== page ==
REVIEW: Marvel Universe vs. The Punisher

When I was first asked to review Marvel Universe vs. The Punisher, I had a moment of monumental fear – my first thought was of the horrible What If from the 90s, where Punisher goes on a killing spree and slaughters each and every superpowered being on the planet, all on his lonesome. The characterization was poor and the premise was laughable and thank you sweet merciful Lord that’s not what this comic actually is.

No, this comic is actually more like Marvel meets 28 Days Later, with the Punisher fighting demented zombie versions of superbeings in a post-Apocalyptic world. If that sounds sweet to you then, well, that just means you have good taste. It also means you are going to be sorely disappointed.

If nothing else, I will give the story credit: I loved the setup. The basic idea is that Frank Castle accidentally kicks off the zombie apocalypse. Unlike the Marvel Zombies concept, this infection affects normal people, too, and the world quickly goes to the stone age. Most of the superheroes retain some degree of their intelligence, and they divide the world into tribes, taking dominance over certain spots of land. Frank’s spent the past few years trying to clean up the mess he made, methodically taking the ‘un’ out of the ‘undead’. He’s gone a long time without seeing a single living human, until he stumbles on a priest and a boy. And then things get bad. Both for Frank, and for the reader.

When I pick up a Punisher story, I want to see bloodshed. Violence. Gore. Dirty deeds done dirt cheap. What I don’t expect – or want – to see is page after page after page of sermonizing about how Frank Castle is or is not a messenger of God, or if the plague was God’s will, or if Frank is obsessed with his quest, or if he really cares about the world. It’s amazing how one character can just grind things to a halt, but after the priest comes in with issue #2, it happens. I found myself just skipping over the pages where he and Frank were talking, because A: it was the exact opposite I wanted from a book with the Hulk fighting the Punisher on the cover and B: I figured I could just guess what they were talking about and not have any trouble continuing the story. And I was right.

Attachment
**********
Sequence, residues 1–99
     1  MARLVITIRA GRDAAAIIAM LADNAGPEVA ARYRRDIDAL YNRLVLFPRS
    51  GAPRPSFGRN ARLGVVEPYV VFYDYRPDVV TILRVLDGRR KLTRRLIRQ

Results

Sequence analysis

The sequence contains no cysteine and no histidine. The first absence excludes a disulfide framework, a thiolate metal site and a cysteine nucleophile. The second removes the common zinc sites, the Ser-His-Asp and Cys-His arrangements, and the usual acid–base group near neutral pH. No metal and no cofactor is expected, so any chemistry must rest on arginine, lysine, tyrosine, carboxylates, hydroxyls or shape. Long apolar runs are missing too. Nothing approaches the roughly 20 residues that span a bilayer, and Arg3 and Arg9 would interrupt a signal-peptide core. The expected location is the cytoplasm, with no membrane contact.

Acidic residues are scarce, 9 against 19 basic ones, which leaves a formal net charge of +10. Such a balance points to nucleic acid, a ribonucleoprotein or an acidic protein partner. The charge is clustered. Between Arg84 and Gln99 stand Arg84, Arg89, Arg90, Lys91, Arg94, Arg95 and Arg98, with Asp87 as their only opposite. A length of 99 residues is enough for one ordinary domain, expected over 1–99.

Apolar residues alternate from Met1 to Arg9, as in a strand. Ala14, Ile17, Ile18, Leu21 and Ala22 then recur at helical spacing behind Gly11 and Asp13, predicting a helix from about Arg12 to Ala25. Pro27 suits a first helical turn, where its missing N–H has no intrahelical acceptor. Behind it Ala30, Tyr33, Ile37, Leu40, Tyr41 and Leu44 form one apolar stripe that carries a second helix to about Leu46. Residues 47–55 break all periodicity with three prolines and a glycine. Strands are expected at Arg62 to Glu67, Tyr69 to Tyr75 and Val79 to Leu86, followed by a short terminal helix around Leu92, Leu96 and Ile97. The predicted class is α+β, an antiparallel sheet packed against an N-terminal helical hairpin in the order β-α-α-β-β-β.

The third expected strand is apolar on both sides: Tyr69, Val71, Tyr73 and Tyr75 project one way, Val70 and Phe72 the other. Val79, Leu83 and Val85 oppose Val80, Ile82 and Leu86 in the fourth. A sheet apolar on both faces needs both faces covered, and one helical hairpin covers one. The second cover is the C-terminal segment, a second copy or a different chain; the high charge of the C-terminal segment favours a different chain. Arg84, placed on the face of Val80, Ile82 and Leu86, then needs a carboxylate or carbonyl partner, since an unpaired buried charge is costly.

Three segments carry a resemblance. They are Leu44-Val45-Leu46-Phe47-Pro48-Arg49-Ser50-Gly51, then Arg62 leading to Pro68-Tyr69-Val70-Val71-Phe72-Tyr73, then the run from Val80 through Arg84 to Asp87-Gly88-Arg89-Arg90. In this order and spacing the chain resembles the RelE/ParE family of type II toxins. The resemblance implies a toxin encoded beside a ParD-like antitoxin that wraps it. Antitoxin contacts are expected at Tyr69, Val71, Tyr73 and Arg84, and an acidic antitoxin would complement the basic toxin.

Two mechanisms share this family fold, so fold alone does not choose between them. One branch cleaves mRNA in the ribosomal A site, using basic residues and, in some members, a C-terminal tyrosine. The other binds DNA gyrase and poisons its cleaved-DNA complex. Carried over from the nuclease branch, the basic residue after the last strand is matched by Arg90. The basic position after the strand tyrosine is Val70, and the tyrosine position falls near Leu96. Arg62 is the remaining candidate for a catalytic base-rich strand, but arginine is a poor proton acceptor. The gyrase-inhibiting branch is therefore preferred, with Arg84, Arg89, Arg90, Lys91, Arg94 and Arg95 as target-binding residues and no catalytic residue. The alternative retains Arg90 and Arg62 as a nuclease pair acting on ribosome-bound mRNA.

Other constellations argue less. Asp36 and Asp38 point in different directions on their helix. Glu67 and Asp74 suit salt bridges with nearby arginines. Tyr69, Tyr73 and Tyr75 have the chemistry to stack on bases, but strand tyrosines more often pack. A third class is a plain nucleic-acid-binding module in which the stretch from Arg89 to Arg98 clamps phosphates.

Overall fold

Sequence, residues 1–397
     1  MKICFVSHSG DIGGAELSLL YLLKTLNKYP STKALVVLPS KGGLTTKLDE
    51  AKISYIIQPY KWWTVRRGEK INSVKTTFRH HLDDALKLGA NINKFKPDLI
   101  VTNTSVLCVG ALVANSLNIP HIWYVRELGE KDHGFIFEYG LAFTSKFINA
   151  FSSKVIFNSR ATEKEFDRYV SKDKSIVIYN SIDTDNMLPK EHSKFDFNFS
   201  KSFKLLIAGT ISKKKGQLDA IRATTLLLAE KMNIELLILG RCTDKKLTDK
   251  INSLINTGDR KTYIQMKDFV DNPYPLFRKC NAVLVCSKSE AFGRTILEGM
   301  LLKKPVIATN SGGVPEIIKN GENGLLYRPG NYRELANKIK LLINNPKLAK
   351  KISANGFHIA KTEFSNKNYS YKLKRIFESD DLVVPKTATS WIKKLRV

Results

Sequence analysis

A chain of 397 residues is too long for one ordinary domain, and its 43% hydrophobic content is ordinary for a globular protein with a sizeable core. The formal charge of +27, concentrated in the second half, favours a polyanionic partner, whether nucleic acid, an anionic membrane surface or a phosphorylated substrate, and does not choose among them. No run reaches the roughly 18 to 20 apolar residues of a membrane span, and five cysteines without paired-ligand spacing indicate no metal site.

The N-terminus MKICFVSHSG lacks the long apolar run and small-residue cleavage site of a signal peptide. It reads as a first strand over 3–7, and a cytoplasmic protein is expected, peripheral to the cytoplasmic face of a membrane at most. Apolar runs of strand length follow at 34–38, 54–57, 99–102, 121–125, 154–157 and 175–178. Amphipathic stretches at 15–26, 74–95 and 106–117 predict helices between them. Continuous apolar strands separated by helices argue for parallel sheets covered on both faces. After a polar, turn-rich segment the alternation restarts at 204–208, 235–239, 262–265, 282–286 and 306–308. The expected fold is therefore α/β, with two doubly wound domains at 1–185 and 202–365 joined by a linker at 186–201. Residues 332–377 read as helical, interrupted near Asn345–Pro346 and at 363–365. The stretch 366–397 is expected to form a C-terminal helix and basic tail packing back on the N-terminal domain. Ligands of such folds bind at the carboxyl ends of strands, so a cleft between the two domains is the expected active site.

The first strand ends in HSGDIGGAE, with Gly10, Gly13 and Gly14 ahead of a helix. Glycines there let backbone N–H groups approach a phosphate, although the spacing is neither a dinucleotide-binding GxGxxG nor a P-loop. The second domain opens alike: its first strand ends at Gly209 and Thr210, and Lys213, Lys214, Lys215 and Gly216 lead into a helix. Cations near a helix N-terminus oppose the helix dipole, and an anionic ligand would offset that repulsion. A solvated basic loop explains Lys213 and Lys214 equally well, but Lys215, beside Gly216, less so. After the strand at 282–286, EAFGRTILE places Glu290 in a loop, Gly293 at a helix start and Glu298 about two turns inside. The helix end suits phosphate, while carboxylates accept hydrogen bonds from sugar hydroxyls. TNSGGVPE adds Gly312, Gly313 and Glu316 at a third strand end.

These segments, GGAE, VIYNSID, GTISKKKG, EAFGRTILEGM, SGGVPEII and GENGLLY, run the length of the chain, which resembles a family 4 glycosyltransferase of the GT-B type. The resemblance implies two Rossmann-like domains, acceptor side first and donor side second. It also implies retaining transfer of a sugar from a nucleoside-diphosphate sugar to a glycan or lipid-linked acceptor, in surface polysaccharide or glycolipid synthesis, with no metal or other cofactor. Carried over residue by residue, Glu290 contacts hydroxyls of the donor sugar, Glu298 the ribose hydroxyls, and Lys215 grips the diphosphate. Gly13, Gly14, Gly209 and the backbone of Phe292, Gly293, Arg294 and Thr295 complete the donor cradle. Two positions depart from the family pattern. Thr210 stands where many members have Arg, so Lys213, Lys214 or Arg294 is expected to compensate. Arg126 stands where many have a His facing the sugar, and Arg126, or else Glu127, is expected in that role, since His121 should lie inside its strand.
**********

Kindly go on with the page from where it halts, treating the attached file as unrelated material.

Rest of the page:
Even when it’s good, it’s not really good; most of the fights are so brief and simple that they don’t even begin to satisfy? Again, take issue #2. We’ve got the Hulk bearing down on the Punisher, who’s armed solely with a bow and arrow – kind of a curbstomp in the making, but bare minimum, you’d think it would make for an interesting fight? A good read, with the Punisher using his wits and superior weaponry to take on the Jade Giant? Wrong. It lasts four pages. The Punisher takes out the Hulk in four pages.

And they’re not even a well-drawn four pages, either. The art isn’t exactly horrible, but it feels too cartoonish, too average to convey the carnage that’s going on. When the Punisher takes out a crowd of zombies with a bunch of grenades, there should be limbs flying everywhere, shrapnel and blood tossed about; there shouldn’t just be a simple orange explosion before you call it a scene. When a bunch of superzombies gang up on Frank, he should have to backpeddle and use his skills to the max, trick them and split them up and turn the tables; he shouldn’t just have one panel of spray-and-pray to kill the lot of them. It all feels so boring, and while that’s something you never want from any comic, with a premise like this it’s a downright shame. And while I’m on the subject, the ponytail he’s rocking makes him look a little too much like Steven Seagal.

Is it a total wash? No, not really. If you’re a fan of the Punisher, this might satisfy in a few ways; Frank’s characterization is dead on for the most part, though he does hit a bit too many of the familiar notes. Brooding about his lost family and how they changed him into the man he is today? Check. Narration told through entries in his ‘War Journal’? Check. The basics are covered. Beyond that, there’s really nothing here – Marvel Universe vs. the Punisher is too much sound and not nearly enough fury.

Tags: , ,